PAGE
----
As with so much new media, most creators don’t start making their podcasts due to the money involved. A Financial incentive is usually non-existent initially. Rather, shows are more driven by the passions of the people that make them. This dedication to the subject matter is often so evident in the content that it spurs the curiosity of its audience, inspiring them to explore the ideas presented further and go deeper down the rabbit hole. There is also a tendency for podcast producers to harbour a deep desire to make meaningful connections with audiences. As such, one of the most powerful and creative by-products of podcasting is contagious passion.

  • Limitless Potential

Another inspiring aspect of podcasting is the sheer breadth of possibilities. There really are no rules to what qualifies as a podcast, and as such, there has been a plethora of exciting exploration of formats and subjects. Some are creatively instructional — if you want to create a photography business, or understand how to renovate a home, there’s a podcast for that. Others are narrative-led, radio drama-type shows that have immersive sound design. This has provided not just an embarrassment of riches for audiences but helps to provide potential creators with the confidence to try out new approaches, to dig deep into their creativity knowing that there are no wrong answers in this field.

How to Get Involved

Few creative people can listen to a couple of podcasts and not want to immediately start their own. Podcasting inspires audiences and creators through a do-it-yourself methodology. Indeed, part of the cycle of positivity here is that when podcasters inspire other people to make their own content, this can in turn inspire other creators. While it’s easy to get started, it can also be important that you approach it with a little planning.

Start with the format. This is another area in which podcasts can inspire creativity. One of the best ways to start your podcast is to examine what some of your favourite shows do, and what elements of structure you want to incorporate into your own project. Figuring out this basic framework can help you be freer to create in other areas and to express your unique voice in the medium. Then start to gather the equipment that you need to achieve this. Usually, a USB microphone and a good editing program are enough to get started here, you can always level up your gear further down the line.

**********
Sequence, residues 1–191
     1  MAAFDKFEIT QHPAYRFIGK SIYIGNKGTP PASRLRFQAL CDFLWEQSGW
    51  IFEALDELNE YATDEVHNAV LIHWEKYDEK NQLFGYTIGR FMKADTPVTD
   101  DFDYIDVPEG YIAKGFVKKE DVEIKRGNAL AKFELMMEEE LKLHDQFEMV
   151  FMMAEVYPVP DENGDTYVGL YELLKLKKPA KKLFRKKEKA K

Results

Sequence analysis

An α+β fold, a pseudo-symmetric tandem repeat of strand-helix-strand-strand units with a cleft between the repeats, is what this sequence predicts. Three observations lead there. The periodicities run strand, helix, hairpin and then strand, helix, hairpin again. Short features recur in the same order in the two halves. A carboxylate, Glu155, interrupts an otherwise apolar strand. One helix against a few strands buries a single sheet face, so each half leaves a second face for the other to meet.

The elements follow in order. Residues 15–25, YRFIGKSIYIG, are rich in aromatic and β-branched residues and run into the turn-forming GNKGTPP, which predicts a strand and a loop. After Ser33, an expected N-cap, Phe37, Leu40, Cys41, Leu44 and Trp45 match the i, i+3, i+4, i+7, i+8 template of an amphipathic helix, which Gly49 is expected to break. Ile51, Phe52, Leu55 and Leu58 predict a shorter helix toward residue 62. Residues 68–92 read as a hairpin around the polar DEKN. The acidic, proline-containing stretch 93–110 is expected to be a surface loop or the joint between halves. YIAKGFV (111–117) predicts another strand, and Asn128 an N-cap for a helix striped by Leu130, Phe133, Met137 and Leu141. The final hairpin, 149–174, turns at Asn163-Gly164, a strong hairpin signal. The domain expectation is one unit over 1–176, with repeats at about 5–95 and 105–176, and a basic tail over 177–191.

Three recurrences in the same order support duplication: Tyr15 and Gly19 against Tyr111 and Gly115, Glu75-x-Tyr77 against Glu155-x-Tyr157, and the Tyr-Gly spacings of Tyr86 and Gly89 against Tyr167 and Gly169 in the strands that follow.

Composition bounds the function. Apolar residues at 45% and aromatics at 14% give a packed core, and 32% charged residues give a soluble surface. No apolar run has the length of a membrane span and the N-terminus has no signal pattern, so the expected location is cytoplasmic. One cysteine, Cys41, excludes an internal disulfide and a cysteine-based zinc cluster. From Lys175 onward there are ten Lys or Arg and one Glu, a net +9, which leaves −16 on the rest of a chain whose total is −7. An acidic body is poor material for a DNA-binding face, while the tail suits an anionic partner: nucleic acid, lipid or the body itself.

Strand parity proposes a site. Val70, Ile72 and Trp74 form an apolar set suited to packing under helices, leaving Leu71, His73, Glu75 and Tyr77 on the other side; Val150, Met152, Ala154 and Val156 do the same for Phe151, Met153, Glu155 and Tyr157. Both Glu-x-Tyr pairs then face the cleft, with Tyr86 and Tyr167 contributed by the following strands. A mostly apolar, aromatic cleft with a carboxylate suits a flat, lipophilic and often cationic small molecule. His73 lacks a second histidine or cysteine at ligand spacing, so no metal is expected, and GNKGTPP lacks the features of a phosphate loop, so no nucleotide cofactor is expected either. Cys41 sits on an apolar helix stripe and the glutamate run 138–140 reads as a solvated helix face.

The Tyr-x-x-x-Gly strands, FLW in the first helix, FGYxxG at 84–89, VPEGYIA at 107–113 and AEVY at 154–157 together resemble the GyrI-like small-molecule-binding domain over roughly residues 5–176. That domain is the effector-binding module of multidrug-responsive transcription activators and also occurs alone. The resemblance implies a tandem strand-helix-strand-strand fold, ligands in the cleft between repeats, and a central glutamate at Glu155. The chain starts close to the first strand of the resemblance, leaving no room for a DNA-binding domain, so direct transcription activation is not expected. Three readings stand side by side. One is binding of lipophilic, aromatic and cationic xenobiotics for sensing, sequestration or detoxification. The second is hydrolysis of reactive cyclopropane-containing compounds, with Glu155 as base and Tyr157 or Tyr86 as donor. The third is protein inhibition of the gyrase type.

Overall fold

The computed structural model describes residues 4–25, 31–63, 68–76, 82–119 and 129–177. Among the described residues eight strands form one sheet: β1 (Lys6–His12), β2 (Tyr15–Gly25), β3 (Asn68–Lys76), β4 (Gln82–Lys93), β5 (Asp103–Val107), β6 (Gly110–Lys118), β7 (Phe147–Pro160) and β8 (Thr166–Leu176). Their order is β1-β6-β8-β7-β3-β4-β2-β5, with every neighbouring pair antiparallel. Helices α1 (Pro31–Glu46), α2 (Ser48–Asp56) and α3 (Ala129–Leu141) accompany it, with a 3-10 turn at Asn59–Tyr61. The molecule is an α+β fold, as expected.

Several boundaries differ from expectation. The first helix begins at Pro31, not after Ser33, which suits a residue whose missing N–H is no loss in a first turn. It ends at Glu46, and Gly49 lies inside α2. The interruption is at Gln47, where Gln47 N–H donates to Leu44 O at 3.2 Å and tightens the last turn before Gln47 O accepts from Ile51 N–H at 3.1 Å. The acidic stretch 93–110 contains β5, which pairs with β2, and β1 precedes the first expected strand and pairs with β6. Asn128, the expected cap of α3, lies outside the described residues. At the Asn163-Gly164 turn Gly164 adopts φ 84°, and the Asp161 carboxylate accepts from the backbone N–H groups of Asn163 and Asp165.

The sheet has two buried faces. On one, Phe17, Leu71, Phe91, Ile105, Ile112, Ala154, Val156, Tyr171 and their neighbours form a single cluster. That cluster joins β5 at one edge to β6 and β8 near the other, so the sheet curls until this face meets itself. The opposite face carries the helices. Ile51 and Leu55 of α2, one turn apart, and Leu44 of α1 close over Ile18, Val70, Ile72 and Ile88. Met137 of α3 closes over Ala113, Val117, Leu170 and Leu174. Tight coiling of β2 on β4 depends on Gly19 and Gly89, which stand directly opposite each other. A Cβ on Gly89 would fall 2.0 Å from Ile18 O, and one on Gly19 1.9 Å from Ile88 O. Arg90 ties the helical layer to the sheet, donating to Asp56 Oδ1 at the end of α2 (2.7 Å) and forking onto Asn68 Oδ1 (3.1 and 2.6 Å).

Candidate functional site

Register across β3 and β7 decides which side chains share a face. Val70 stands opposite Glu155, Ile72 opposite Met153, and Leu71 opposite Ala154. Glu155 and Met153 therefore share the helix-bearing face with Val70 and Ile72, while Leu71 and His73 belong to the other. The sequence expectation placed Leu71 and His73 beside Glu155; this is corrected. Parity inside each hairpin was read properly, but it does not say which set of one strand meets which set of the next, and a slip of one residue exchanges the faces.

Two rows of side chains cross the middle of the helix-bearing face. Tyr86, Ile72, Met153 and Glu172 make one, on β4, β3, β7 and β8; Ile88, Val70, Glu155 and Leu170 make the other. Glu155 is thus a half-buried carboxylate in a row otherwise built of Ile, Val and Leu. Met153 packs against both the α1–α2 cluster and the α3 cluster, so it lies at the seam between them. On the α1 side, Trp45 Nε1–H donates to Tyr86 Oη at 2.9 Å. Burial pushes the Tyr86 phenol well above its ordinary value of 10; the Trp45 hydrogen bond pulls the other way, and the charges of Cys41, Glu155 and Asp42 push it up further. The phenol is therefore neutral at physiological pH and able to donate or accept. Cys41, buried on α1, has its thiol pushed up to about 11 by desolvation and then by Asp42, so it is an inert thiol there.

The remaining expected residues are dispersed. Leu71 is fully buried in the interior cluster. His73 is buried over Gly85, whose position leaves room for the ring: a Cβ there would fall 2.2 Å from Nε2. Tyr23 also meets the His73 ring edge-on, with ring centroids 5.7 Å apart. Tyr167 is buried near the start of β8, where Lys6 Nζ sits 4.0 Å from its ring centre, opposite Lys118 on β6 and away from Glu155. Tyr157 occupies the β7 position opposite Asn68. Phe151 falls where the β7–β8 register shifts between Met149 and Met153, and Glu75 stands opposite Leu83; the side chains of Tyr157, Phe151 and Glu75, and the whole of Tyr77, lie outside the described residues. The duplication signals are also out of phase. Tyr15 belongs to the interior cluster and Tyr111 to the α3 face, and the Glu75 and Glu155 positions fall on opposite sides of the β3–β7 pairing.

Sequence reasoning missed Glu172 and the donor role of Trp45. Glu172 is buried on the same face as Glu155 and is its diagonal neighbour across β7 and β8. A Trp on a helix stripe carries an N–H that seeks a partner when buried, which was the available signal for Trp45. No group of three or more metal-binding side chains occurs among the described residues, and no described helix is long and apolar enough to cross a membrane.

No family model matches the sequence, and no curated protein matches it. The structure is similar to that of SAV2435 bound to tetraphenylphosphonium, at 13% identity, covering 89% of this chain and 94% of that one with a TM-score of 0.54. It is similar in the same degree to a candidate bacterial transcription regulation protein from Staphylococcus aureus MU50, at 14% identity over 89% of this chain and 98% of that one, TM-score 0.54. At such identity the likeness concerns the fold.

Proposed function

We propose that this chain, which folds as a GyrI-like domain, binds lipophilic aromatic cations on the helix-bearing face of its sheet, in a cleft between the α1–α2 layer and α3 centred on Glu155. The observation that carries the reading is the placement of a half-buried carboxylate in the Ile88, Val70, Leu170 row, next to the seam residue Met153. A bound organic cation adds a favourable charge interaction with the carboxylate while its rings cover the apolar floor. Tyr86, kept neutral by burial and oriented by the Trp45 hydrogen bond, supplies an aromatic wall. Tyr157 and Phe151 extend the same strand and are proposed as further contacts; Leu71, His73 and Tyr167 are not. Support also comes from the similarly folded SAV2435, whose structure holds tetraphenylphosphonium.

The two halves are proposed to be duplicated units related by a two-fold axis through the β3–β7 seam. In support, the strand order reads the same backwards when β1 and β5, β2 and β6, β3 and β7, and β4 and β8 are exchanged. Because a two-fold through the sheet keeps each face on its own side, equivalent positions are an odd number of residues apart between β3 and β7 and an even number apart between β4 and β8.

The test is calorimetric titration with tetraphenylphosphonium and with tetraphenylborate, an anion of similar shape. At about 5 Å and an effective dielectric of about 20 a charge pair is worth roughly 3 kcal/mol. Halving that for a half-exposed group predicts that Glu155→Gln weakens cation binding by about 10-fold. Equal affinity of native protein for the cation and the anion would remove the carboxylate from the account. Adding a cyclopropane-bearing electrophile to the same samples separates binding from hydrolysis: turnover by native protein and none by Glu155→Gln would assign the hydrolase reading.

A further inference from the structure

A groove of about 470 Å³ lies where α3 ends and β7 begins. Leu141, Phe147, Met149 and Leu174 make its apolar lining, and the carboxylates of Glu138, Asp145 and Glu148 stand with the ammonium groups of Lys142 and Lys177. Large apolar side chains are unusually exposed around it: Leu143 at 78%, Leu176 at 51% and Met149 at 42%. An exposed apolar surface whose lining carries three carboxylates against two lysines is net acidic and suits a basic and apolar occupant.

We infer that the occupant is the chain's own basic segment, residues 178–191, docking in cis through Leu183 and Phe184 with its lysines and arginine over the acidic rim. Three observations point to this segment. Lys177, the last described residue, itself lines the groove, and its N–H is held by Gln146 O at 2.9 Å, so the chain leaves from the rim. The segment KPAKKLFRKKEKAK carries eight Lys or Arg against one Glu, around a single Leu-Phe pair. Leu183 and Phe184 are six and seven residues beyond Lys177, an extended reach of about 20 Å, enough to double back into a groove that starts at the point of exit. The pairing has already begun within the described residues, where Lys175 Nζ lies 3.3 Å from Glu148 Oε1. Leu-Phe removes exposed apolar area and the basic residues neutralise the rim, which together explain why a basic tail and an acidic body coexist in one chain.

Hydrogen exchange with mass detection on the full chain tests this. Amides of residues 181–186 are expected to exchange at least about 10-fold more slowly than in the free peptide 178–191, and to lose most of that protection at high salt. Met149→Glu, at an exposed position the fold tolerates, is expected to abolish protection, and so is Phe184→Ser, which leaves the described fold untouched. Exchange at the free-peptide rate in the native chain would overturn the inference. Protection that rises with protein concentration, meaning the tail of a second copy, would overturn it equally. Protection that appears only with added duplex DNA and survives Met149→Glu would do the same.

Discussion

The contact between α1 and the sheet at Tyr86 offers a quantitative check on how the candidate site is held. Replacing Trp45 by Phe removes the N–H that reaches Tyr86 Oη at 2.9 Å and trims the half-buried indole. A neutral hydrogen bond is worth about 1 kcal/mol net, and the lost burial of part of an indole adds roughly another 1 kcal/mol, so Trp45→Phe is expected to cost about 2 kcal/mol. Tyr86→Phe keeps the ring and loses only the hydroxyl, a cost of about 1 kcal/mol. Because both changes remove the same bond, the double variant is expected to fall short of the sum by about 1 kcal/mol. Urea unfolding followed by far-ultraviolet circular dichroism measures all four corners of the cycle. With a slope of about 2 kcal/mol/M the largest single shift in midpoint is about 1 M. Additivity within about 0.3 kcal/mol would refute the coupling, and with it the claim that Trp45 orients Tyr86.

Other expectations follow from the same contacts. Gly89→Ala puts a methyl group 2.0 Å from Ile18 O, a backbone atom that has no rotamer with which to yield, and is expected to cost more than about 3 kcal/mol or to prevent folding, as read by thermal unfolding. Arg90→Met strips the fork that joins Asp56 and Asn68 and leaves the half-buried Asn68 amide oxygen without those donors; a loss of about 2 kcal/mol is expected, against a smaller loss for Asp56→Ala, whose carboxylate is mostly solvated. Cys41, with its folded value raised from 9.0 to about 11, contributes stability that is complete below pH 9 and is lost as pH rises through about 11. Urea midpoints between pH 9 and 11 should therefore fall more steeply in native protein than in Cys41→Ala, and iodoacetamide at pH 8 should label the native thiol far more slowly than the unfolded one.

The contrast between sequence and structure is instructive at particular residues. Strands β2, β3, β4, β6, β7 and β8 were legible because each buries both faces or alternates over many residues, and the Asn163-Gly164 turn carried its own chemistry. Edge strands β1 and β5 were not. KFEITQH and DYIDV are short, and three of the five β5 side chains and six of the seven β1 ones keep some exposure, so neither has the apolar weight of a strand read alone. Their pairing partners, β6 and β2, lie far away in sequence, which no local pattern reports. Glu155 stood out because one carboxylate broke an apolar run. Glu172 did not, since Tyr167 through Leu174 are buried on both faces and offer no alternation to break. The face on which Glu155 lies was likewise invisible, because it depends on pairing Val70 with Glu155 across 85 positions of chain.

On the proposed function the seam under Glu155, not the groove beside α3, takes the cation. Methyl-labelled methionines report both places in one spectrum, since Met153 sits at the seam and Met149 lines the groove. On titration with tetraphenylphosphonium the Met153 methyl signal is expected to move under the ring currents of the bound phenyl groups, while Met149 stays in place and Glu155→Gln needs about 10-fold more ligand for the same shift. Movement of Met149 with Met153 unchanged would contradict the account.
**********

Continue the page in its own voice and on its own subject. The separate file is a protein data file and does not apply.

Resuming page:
One of the recurring pieces of advice that podcasters give to newbies is to record a few episodes in advance to get started rather than immediately uploading each as you make it. This gives you a chance to test out the format you’ve chosen, and make any changes before it goes public. It also means that you can keep to a regular schedule in a way that helps build your audience.


Podcasting has become one of the most important and influential media of our digital age. It continues to encourage audiences to explore new ideas, and expose them to fresh passions. Perhaps most importantly its accessible nature inspires creatives to engage with the craft, contributing their unique touches to a developing audio landscape.

Did you know that scientific evidence shows your creativity decreases over time

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Beau Peters

Beau Peters is a creative professional with a lifetime of experience in service and care. As a manager, he's learned a slew of tricks of the trade that he enjoys sharing with others who have the same passion and dedication that he brings to his work. When he is not writing, he enjoys reading and trying new things.